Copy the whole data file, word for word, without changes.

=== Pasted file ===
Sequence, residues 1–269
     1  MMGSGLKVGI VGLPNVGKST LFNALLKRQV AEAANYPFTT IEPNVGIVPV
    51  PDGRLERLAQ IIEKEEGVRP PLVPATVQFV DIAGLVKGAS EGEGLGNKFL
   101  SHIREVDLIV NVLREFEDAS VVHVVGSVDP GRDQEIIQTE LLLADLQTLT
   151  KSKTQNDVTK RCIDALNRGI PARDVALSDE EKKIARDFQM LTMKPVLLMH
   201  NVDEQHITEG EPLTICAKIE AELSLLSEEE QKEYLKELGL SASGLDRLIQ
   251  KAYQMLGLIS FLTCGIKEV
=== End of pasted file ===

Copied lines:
Sequence, residues 1–269
     1  MMGSGLKVGI VGLPNVGKST LFNALLKRQV AEAANYPFTT IEPNVGIVPV
    51  PDGRLERLAQ IIEKEEGVRP PLVPATVQFV DIAGLVKGAS EGEGLGNKFL
   101  SHIREVDLIV NVLREFEDAS VVHVVGSVDP GRDQEIIQTE LLLADLQTLT
   151  KSKTQNDVTK RCIDALNRGI PARDVALSDE EKKIARDFQM LTMKPVLLMH
   201  NVDEQHITEG EPLTICAKIE AELSLLSEEE QKEYLKELGL SASGLDRLIQ
   251  KAYQMLGLIS FLTCGIKEV